Archive

Posts Tagged ‘risk score’

REVEAL Registry Risk Score for Pulmonary Arterial Hypertension

The REVEAL registry has provided a useful prognostic score for pulmonary arterial hypertension.

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I year Survival

I year Survival

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I could not find an online calculator with a cursory view.

A simple interface is possible but at current time I have not deployed on web.

 

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Journal Club 29 February 2012

February 29, 2012 3 comments

Article:


Development and validation of a risk score to predict early mortality in recipients of implantable cardioverter-defibrillators

Presenter

KC

PICO

An observational study in recipients of implantable cardioverter defibrillators to determine correlates of one-year mortality using stepwise logistic

regression. A derivation set was chosen and then a validation set used to assess the goodness of fit of the model.

Population:

Patients receiving implantable cardioverter defibrilllators (new implants)

Intervention

Not applicable

Comparator

Not applicable

Outcome

One-year mortality

Findings
The total cohort included 2717 ICD patients (mean age = 64.6 ± 14.5, male = 77.2%, primary prevention = 74.7%). A simple risk score incorporating peripheral

arterial disease, age ≥ 70 years, creatinine ≥ 2.0 mg/dL, and ejection fraction ≤20% (PACE) accurately predicted 1-year mortality in the VG. Patients with a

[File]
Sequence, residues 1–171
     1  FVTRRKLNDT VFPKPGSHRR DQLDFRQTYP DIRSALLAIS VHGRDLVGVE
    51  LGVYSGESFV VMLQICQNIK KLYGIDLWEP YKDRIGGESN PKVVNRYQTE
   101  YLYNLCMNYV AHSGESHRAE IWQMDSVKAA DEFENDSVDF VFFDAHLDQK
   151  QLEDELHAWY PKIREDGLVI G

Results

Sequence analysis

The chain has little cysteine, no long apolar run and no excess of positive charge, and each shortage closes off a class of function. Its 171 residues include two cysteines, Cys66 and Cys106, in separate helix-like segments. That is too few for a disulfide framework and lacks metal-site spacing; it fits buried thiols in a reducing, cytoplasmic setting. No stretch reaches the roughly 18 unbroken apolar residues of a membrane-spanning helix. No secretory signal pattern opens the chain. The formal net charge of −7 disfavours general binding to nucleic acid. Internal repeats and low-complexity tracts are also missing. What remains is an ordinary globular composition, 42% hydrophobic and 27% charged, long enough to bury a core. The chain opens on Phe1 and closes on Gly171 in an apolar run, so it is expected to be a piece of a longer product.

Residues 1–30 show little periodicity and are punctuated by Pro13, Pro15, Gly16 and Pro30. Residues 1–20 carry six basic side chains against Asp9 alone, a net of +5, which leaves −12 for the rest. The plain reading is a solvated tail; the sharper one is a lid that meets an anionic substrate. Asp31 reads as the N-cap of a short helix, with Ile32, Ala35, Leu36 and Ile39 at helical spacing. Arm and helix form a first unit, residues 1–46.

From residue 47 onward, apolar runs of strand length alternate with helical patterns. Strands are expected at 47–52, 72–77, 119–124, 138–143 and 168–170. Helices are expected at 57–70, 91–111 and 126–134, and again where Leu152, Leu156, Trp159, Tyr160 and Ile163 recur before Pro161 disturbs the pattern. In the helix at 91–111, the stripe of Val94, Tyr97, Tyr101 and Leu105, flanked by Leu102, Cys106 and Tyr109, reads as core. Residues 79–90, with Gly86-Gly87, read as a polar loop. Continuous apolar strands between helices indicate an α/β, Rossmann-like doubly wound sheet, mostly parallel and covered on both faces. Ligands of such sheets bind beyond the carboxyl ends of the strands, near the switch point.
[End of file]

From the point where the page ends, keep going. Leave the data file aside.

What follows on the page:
risk score of ≥3 had a >4-fold excess 1-year mortality compared with patients with a risk score of ❤ (16.5% vs 3.5%; P <.0001).

Discussion Summary 

  • The paper is hypothesis generating. The issue of trying to develop criteria for futility are laudable from a patient interest and resourcing.
  • The limitations of risk scores were discussed in general, and consistent with other risk scores there was a poor positive predictive value.
  • The selection bias of cardiologists chosing patients who they perceived had reasonable survival had impacts such as narrowing the age range in the patient group. Age appears to have been a forced variable in the stepwise regression model. It was somewhat reassuring that even in the highest risk (from this model) 80% of patients survived one year.
  • Information regarding the appropriate discharge rate would have provided insight into the benefit in the high risk group. A control group without device with same risk score would have also provided insight. Dr. Atherton observed that patients with similar characteristics in the heart failure with LV systolic dysfunction had a 7% annual mortality.

Background Materials

Dr. Karin Chia kindly provided background material for this paper.